It was time to check up on my fermenting pickles.  The cloudy water was not encouraging.  When I opened up the jars the smell was: garlicky dill with a hint of food-gone-bad.  It almost smelled right but really didn’t.  I suppose that they might be safe to eat when you consider that people have been burying fish to rot them for eating joy for hundreds of years.

But I am not a person who buries things until they’re rotted just-so.  My dog does this.  There is nothing finer to her than to bury a bit of rawhide in a good rainy spot, let it acquire a strong odor of dead body, and then dig up the blackened delicacy to eat at my feet.

I don’t know what I did wrong.  The cauliflower I fermented two years ago never went bad.  I had it in the cupboard for months before we finished it off.  I was completely confident in it and we enjoyed eating it.  I followed essentially the same process.  An acquaintance of mine has suggested they got too warm.  This is a very real possibility as September and part of October was pretty hot and there isn’t a truly cool spot in the house to store pickles.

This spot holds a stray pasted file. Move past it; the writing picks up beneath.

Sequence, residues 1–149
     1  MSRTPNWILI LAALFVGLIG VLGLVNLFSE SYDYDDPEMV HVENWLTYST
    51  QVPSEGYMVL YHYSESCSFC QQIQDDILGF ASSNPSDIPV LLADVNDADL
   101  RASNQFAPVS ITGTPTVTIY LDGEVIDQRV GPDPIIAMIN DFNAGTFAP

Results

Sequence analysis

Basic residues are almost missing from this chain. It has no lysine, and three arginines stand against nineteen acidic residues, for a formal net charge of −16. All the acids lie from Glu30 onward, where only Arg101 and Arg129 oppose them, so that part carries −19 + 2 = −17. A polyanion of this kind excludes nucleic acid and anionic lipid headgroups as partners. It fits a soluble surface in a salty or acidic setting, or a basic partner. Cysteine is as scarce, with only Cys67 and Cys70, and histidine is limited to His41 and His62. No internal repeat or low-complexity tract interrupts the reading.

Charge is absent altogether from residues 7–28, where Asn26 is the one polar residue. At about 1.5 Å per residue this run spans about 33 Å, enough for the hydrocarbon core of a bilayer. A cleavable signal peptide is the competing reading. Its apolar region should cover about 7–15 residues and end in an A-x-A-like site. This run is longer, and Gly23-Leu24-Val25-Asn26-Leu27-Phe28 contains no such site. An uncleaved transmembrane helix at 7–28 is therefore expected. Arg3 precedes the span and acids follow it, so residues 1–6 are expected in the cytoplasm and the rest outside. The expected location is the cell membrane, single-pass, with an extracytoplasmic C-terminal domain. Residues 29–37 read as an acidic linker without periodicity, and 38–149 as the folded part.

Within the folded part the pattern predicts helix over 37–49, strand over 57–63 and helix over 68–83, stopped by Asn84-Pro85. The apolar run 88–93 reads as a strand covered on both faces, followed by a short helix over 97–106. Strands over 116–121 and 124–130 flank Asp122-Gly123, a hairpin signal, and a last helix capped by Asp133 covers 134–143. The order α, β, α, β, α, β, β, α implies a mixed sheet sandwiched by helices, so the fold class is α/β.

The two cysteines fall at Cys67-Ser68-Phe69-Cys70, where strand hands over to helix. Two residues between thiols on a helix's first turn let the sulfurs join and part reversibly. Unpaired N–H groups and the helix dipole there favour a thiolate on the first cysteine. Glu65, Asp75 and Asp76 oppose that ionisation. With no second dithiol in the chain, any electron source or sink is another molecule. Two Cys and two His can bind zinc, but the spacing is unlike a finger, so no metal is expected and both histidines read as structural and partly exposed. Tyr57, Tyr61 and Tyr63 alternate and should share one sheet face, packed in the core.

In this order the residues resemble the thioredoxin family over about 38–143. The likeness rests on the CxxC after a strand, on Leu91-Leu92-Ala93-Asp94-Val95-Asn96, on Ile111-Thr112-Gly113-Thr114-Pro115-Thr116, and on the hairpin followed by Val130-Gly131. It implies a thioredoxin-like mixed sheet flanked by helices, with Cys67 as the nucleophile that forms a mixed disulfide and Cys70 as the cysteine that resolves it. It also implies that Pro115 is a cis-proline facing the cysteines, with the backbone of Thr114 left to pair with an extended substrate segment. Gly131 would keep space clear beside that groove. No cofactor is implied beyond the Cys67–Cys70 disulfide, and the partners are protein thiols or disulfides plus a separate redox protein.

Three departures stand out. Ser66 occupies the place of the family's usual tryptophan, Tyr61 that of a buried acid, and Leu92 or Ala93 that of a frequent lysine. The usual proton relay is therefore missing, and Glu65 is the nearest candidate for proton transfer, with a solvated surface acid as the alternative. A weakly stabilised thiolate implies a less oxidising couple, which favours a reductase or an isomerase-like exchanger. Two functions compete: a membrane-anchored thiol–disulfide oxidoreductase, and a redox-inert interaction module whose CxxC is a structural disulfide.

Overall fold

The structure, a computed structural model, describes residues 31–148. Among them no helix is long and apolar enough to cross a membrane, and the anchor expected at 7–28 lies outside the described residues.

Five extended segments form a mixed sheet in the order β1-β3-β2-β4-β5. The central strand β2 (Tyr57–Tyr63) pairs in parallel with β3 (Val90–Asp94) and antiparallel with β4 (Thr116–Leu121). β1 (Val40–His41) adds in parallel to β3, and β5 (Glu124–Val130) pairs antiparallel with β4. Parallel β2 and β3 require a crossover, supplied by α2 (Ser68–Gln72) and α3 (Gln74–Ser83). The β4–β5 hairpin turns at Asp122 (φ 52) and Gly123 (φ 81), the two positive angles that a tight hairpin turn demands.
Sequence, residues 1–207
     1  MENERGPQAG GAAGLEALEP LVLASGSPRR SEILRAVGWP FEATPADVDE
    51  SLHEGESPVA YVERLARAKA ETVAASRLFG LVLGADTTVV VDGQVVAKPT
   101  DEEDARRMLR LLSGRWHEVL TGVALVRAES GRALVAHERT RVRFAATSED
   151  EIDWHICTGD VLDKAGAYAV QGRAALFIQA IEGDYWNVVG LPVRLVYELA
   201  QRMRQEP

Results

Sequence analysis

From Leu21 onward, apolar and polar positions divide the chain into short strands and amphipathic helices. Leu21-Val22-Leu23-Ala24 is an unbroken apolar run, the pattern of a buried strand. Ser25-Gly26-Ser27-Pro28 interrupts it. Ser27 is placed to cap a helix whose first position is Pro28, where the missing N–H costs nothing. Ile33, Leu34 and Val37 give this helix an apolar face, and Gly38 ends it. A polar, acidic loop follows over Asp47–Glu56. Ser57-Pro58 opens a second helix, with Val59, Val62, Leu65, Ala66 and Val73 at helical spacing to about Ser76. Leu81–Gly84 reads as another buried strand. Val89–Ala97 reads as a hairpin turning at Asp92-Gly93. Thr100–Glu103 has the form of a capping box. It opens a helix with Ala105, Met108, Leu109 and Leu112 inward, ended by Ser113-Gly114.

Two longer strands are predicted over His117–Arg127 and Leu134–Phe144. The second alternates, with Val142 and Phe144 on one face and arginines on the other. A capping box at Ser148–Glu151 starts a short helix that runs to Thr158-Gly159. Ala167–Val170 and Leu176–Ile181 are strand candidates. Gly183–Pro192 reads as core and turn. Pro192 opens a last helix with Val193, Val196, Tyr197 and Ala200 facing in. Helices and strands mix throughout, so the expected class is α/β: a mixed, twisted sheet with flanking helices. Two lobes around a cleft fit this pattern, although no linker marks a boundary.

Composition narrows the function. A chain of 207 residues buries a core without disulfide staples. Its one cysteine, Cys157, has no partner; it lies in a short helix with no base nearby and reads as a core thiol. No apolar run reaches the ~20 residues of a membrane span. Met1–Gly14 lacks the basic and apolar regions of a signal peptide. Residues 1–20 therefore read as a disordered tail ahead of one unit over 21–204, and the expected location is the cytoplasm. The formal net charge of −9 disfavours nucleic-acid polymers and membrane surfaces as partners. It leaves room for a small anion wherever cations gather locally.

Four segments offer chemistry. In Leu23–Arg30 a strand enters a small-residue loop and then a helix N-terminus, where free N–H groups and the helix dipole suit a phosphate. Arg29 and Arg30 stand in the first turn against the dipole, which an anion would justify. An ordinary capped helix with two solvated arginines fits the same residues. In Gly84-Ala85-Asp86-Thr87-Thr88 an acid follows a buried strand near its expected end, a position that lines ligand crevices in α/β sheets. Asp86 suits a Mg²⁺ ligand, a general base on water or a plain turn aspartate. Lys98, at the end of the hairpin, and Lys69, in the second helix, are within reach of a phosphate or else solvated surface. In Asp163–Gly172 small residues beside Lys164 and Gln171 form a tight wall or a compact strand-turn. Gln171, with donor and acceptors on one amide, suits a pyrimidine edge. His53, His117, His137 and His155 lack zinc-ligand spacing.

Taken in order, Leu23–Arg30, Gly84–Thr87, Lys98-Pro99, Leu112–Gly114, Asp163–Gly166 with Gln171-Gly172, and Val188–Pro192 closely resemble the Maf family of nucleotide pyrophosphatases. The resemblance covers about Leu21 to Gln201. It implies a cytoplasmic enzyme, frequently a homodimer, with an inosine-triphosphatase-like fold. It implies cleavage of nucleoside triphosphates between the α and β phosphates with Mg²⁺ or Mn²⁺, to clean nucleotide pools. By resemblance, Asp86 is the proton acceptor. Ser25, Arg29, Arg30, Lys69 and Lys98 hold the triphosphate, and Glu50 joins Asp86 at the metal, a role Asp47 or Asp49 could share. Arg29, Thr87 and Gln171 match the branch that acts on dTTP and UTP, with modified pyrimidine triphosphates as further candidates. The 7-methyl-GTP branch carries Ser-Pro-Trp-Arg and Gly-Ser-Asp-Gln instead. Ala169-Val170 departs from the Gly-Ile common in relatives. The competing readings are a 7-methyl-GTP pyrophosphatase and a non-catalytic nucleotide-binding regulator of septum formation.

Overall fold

I’m disappointed, obviously.  Such a waste of pickling cucumbers.  But as with all skills – there is a learning curve and some failures are expected.  My olives seem to be doing alright still and I can start a new fermentation project using winter vegetables like cauliflower, carrots, and possibly some greens.  My friend Cam suggested fermenting mustard greens like her mom did when she was growing up.  She says she’ll see if she can get the recipe for me.

On the bright side of the food preserving front – last night I didn’t want to make dinner.  I was too tired.  But hungry.  So I pulled a jar of my tomato sauce from the pantry and whipped up a super easy and quick marinara sauce and had spaghetti with roasted cauliflower and it was so good!  This is why I do all the canning work I do.

Have any fermenting tales to share?  I want to hear them!